1816: The year without a summer
The year 1816 is known as “The year without a summer.” What would cause a global event like that?
Stephen Brown, LaPorte, Ind.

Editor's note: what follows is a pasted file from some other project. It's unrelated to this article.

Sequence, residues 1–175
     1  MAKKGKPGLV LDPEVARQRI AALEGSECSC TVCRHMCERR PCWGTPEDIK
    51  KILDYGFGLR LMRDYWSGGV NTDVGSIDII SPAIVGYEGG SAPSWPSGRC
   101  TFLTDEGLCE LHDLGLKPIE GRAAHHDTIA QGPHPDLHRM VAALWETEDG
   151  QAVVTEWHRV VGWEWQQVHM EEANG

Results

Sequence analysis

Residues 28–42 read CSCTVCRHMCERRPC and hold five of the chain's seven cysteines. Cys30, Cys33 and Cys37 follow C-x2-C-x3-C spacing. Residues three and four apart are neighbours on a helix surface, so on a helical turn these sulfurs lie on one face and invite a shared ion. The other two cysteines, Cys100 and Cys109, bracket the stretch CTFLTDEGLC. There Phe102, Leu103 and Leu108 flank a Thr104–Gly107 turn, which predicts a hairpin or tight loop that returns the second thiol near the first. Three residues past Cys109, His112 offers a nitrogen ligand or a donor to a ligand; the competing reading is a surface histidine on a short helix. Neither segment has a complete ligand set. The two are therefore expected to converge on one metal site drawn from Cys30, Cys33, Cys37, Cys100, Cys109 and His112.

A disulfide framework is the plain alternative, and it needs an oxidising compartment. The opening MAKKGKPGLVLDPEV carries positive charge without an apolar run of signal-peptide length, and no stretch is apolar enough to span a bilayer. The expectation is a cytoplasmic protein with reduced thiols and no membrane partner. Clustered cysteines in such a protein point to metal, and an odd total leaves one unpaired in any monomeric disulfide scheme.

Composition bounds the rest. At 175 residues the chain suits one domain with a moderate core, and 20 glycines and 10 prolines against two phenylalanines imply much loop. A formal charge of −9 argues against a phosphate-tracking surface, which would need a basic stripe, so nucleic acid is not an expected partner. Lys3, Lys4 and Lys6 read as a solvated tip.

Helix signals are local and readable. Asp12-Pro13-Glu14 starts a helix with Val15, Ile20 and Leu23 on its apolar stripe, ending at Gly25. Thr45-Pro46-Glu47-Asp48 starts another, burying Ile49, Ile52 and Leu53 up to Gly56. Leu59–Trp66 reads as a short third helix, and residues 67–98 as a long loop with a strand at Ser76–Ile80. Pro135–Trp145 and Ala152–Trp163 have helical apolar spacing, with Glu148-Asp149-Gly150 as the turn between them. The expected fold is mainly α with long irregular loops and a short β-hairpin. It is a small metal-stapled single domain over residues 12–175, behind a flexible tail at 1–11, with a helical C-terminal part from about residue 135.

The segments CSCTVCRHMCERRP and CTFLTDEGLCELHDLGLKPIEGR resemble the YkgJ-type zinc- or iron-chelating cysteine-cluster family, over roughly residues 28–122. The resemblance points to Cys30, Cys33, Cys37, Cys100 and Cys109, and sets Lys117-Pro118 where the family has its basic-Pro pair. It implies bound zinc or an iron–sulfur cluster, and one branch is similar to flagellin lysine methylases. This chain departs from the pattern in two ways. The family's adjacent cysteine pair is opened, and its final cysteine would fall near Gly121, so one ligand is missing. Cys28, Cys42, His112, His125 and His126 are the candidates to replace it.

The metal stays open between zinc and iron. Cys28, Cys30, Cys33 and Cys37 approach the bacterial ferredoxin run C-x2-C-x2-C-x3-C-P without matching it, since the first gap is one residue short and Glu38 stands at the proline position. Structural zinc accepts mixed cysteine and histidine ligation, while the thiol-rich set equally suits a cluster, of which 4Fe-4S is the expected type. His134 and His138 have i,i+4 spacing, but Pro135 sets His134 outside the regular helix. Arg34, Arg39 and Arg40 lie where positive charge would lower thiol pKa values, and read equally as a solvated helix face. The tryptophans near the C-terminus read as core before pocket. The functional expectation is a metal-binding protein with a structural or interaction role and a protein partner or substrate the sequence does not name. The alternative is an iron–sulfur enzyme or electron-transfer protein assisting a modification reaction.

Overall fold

Global temperatures decreased by 0.7 to 1.3 degrees in 1816, the result of a massive eruption on April 5-15, 1815, of Mount Tambora in the Dutch East Indies (now Indonesia). That volcanic eruption was the greatest in 1,300 years and it threw 24 cubic miles of material into the atmosphere. A vast cloud of stratospheric sulfate affected the Northern Hemisphere, dimming sunlight and causing global temperature reductions. It was a “volcanic winter.” Reduced summer temperatures resulted in an agricultural disaster across much of the Northern Hemisphere. Canada, the eastern United States, Europe and Asia were all affected. Food shortages and much higher food prices resulted, and starvation was a problem in some areas.